David Burcham has always looked forward to new challenges and opportunities in life. Last month, he received both when he was named the first lay president in the 99-year history of Loyola Marymount University.

In an interview in his fourth floor office overlooking the Westchester bluffs, Burcham offered his thoughts and his vision for the student body of more than 5,700 and its faculty into the next decade, as well as for the surrounding Westchester and Playa del Rey neighborhoods.

Burcham realizes the significance of his historic role as the first non-Jesuit leader in the school’s long and storied history.

“I’m very excited and humbled by this opportunity,” he told The Argonaut.

Burcham replaces Father Robert Lawton, who served as president for 11 years before stepping down last spring due to health reasons.

“Father Lawton was a terrific president,” the new president said. “He has left me a university in terrific shape and I look forward to carrying on his good work.”

An alumnus and former dean of Loyola Law School, Burcham is the school’s 15th president and will lead the university past the first decade of the new century as institutions of higher learning face increased numbers of students seeking access to college and the challenges of fundraising in an uncertain economic climate.

The new president, who served as the school’s interim leader after Lawton stepped down, made an obvious impression on the panel that made the final decision to hire him on a permanent basis.

“We set a very high bar for what we wanted and expected in our next president, including academic excellence, executive leadership, fundraising experience and furtherance of our Jesuit, Marymount and Catholic traditions,” said Kathleen Aikenhead, vice chair of the LMU Board of Trustees and presidential search committee chair. “Dave Burcham already has proved himself.”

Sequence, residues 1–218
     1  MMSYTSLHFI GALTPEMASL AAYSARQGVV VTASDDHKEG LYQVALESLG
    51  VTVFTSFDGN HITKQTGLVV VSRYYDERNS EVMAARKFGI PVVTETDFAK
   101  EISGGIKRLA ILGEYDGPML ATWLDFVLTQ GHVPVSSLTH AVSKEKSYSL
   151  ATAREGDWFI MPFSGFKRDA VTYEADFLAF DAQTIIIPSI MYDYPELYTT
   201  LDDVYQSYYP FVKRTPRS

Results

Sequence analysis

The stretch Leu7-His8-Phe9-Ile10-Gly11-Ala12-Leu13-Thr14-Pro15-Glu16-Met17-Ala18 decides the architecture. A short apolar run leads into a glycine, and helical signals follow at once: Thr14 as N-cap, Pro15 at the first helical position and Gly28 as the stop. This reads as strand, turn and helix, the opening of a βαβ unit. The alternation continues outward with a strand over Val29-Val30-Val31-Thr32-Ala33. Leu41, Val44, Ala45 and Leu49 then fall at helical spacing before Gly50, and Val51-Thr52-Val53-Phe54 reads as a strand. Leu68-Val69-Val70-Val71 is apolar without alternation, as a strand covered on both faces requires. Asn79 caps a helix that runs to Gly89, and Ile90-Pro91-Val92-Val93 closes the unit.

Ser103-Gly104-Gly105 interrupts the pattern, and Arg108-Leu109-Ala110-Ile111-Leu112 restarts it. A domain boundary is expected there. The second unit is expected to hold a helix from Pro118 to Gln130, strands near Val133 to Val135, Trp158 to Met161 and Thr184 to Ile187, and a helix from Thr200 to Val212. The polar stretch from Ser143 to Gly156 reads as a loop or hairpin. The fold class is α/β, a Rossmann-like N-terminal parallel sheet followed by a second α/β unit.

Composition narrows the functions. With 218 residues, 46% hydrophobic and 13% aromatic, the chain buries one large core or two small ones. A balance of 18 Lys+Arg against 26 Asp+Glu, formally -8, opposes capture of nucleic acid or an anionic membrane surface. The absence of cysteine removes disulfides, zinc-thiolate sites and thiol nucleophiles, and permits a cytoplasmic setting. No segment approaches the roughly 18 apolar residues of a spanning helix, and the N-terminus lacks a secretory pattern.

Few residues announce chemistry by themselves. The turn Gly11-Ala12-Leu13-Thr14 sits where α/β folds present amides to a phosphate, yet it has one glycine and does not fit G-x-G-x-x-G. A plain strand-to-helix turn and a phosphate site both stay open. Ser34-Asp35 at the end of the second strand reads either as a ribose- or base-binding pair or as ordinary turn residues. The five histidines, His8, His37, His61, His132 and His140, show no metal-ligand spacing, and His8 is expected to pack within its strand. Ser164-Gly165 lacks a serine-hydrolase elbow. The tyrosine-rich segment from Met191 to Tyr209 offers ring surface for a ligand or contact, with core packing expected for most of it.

Coming from inside the LMU “family” made the transition to his new position somewhat seamless due to his previous positions as provost and senior vice president at the university, Burcham said.

“I know the university in all of its facets and the people involved, and there’s not a period of ramping up and learning the issues that many presidents who come from the outside would have to do,” he said.

Making sure that young would-be scholars have an opportunity to get an education at LMU will be one of Burcham’s top priorities.

“Over the long haul, it is absolutely essential that we increase our endowment support for student scholarships,” he stressed. “That’s going to be my number one goal.

“Private universities across the country have this challenge, and it’s one of affordability. We want to make sure that the kind of students that we want are able to attend here and not have to choose somewhere else because it’s too expensive.”

Burcham was heavily involved in the creation of the university’s master plan, a 20-year campus renovation that will upgrade its sports, academic and residential facilities. As the plan winds its way through the various planning steps required before it arrives before the Los Angeles City Council, university officials believe they are on the way toward gaining widespread approval for the ambitious refurbishing project.

“I think we’re on our way,” Burcham said. “I think we’re almost there.”

The president’s fingerprints are firmly on the blueprints of the master plan. Burcham was charged with overseeing the $380 million capital campaign and according to university representatives, he reconfigured LMU’s budget during the recent economic downturn to help ensure that academics remained fully funded.

City Councilman Bill Rosendahl has met with Burcham and is also impressed by him.

“He’s a very sharp, decent and honest man,” Rosendahl, who represents Westchester and Playa del Rey, said. “He has a long history there and I’m delighted that the board of trustees chose him.

“He’s going to make a great partner to work with me on the many important issues in the Westchester community, including the master plan and the need to make the homeowners feel comfortable with it.”